Posted by: Dorianne Cotter-Lockard | 7 November 2008

Presenting at an academic conference

SPHS Panel - Dorianne, Susan Mazer, Dr. Valerie Bentz, Gayla Napier, Dr. Barbara Vititoe

SPHS Panel - Dorianne, Susan Mazer, Dr. Valerie Bentz, Gayla Napier, Dr. Barbara Vititoe

I have now attended two academic conferences in my short time as a PhD student, the Academy of Management (AOM) conference in August 2008, and the Society for Phenomenology and Human Sciences (SPHS) conference (October 2008).  There was a vast difference between the two conferences in style and presentation method.

The AOM conference was very large (several thousand attendees), well-organized and focused on management topics.  Therefore, the paper presenters mostly used MS Powerpoint and had short 1-3 page handouts.   The SPHS was much smaller (a few hundred attendees), loosely organized and focused on phenomenology and existential philosopy (lots of people walking around in black clothes – no kidding).  the presenters mostly read their papers verbatim and handed out full copies of their papers in many of the sessions.

I think it’s boring and old-fashioned to read one’s paper at a conference.  As an attendee, I want to hear the color and personal imprint surrounding a paper.  Our professor, Dr. Valerie Bentz, advised us to not read our papers.  Therefore, our panel was one of the most interesting and interactive presentations of the conference (per comments from our audience).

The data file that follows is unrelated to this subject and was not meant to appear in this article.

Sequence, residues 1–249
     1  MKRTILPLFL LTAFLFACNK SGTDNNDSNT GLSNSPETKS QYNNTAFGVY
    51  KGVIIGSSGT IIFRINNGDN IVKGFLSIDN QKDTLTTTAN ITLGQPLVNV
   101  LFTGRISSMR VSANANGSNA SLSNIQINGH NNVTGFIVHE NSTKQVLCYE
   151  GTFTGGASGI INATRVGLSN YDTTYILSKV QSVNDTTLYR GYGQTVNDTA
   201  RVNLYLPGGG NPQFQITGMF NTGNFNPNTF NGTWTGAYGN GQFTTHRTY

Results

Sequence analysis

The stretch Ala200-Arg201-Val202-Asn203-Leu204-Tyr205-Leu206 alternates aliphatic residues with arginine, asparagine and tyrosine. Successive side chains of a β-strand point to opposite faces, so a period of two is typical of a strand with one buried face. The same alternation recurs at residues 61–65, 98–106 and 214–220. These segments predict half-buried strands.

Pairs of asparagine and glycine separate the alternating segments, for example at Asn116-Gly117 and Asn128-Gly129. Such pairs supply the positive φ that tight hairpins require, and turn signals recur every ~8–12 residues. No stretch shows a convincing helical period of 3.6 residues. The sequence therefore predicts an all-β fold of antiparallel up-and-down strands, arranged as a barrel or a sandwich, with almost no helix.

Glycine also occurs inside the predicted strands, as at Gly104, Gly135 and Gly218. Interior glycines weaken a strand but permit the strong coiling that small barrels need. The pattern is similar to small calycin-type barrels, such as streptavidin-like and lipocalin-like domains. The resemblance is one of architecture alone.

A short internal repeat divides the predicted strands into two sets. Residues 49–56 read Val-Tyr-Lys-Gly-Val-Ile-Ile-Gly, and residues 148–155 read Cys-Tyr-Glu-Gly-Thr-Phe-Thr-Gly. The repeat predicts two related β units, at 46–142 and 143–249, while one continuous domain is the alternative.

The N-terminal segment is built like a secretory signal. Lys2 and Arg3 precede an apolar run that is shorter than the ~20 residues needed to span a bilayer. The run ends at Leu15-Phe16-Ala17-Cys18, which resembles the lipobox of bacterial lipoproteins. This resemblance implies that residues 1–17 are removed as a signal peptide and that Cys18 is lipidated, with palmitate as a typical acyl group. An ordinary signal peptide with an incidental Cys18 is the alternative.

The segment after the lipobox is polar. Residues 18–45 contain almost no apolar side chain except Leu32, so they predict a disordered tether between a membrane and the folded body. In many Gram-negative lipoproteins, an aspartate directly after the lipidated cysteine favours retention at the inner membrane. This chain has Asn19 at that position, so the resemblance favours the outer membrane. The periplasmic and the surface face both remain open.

My handout consisted of a one page outline with a second page that described the four consciousness theories and three pages of quotes from my research interviews.  I used an annotated version of my outline as my presentation notes.  I practiced before-hand to time my presentation (20 minutes, plus 10 minutes for questions).  I highly recommend to anyone presenting a paper that they follow these simple rules:

  1. Don’t read your paper!
  2. Prepare and bring a short (1-5 pages) handout for the audience
  3. Use an outline or MS Powerpoint for the presentation.  There’s a number of rules for Powerpoint that I’ll cover in another post.
  4. Practice your presentation and time it – make sure you can get all your important points into the allotted time.

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